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The Star-Ledger regularly hosts a debate between Democrat consultant Julie Roginsky and Republican consultant Mike DuHaime. They often disagree on issues but, in a rare instance of consensus, are equally condemnatory of the Murphy Administration’s decision to refuse to approve expansions to some of the state’s highest-achieving charter schools where student achievement dwarfs traditional district schools. One example: Newark’s North Star Academy, rated by Murphy’s very own Department of Education as a Tier 1 school, its highest rating, was denied an expansion of 300 seats despite 10,000 Newark students on wait lists. For context, at North Star Academy 75% of students meet state expectations in reading and 65% meet expectations in math; in the traditional district schools 36% of students meet expectations in reading and 26% do in math.
Another surprise: both Roginsky and DuHaime agree that Murphy’s decision to end mask mandates in schools was based on politics, not science.particularly his extremely narrow win over GOP challenger Jack Ciattarelli.
Here is the charter school discussion:
Q. The NJ Public Charter School Association criticized Murphy for rejecting another round requested expansions, including one from North Star in Newark, one of the state’s most successful, calling it “a crushing blow to low-income students of color throughout New Jersey.” Is the governor dancing for the teachers’ union, which opposes all expansions?
Mike: Gov Murphy is wrong on charter schools. Period. Full stop. In failing school districts, parents and children deserve more educational choices, not less. It is time for him to lead on this issue.
Julie: At the very least, the state should have provided a more robust explanation to some of these charters for the denials. Some highly ranked schools were denied an expansion even though they overwhelmingly serve traditionally underserved communities of color and even though their test scores are through the roof, with long waitlists to boot. As a result, some of these schools have no idea of what to improve in order to receive a better outcome next time. Without an explanation, it may only lead the families of these charter school students to conclude that the decision was based on politics and not on empirical metrics.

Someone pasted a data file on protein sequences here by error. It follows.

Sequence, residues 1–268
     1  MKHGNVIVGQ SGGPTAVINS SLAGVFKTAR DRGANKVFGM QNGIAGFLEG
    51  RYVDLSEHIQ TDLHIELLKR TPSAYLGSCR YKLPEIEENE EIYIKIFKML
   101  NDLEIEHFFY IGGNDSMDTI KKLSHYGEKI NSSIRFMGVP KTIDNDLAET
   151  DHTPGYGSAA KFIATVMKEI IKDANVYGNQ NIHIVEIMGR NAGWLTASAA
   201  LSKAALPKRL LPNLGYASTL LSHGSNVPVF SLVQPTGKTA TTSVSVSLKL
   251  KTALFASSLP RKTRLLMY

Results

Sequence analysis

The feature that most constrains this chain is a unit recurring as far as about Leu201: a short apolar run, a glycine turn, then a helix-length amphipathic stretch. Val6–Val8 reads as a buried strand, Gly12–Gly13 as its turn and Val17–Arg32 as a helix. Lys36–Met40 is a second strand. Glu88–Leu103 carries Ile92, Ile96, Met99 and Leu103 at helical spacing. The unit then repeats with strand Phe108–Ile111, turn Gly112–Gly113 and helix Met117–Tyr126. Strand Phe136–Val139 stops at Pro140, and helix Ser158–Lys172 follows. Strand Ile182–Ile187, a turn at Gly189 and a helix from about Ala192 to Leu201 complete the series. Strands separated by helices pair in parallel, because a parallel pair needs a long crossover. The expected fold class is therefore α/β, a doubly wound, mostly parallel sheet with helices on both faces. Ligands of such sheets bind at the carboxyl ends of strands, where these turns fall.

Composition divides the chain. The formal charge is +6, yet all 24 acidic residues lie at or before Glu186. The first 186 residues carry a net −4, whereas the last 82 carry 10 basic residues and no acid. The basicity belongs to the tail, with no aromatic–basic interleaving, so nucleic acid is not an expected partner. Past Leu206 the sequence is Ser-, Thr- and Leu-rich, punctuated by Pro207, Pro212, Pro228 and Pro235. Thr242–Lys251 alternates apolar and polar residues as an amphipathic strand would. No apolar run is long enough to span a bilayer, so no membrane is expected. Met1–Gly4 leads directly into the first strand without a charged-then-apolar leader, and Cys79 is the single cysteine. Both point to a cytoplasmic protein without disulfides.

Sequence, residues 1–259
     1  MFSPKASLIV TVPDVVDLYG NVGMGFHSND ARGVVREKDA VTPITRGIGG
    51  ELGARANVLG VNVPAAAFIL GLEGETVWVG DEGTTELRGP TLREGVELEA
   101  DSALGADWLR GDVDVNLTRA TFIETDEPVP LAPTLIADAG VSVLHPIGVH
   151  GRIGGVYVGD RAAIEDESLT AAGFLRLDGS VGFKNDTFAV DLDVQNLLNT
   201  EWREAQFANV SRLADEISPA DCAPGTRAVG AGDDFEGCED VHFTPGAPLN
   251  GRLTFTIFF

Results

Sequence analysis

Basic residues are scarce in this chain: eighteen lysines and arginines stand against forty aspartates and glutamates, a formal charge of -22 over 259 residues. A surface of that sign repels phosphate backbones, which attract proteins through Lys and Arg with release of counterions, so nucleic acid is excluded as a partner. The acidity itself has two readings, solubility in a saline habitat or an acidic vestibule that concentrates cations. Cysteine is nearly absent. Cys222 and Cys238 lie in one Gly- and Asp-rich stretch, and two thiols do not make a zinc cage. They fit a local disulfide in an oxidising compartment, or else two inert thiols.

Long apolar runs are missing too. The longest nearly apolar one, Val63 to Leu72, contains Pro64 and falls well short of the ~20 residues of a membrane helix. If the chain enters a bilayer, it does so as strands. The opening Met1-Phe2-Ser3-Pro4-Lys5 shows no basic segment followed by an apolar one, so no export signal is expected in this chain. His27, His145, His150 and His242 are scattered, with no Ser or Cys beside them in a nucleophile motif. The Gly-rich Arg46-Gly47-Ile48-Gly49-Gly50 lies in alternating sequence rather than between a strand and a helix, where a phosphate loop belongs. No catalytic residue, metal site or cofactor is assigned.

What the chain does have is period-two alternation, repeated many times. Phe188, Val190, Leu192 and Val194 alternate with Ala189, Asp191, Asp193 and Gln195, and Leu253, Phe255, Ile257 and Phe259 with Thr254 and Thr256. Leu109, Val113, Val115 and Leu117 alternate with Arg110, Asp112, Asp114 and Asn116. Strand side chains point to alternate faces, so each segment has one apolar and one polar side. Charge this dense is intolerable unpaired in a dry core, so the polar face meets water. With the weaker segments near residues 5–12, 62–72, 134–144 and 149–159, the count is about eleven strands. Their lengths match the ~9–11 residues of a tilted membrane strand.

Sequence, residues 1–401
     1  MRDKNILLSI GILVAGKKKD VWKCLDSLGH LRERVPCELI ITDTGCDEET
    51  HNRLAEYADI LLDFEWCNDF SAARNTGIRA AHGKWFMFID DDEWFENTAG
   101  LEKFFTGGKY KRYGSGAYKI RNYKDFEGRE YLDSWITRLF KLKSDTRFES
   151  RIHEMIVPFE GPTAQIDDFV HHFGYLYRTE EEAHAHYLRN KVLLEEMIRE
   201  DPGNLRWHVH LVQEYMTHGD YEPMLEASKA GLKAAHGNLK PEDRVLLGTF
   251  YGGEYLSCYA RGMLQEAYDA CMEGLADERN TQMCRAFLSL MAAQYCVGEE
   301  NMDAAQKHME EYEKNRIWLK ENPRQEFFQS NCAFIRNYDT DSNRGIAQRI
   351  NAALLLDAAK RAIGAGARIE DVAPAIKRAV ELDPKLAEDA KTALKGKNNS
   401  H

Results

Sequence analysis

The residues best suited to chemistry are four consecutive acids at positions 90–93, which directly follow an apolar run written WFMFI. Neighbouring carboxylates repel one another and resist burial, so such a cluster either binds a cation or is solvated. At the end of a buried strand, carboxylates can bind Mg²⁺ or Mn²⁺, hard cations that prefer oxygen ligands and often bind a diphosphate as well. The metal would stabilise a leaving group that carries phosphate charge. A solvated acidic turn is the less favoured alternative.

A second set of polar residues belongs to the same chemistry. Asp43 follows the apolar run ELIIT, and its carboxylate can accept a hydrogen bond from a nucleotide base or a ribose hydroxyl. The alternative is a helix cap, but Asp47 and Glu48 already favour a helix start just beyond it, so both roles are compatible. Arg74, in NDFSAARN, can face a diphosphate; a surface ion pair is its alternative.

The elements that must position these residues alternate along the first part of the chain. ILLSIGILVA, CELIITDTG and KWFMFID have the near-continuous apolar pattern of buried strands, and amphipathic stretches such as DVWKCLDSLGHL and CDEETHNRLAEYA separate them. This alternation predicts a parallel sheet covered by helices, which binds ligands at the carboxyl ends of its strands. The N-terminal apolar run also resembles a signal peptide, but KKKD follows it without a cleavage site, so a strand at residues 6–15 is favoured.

Here’s the discussion on masks:
Q. Gov. Phil Murphy lifted the mask mandate in schools, leaving it to local school districts to decide. Yet teachers can still refuse the vaccine in favor of testing, and students who must take the measles vaccine are free to skip the Covid vaccine. Does this make sense?
Mike: I think it’s the right approach. It is time to move forward without masks, yet it still gives local school districts the flexibility based on local caseloads and infection rates. We still must encourage vaccinations as well.
Julie: It was a political decision and the governor admitted as much when his aides inexplicably leaked to the NY Times that they conducted focus groups after the election to study voter attitudes on this subject, when all along his administration touted science as the only relevant determinant in COVID decision-making. If you are going to make a political decision, make it when you are running for re-election, not now. If you are going to make a healthcare decision, mandate vaccines for COVID, the way you mandate them for mumps and measles. I don’t know whom this decision intends to please but by trying to have it every which way, the governor just sends out a convoluted message.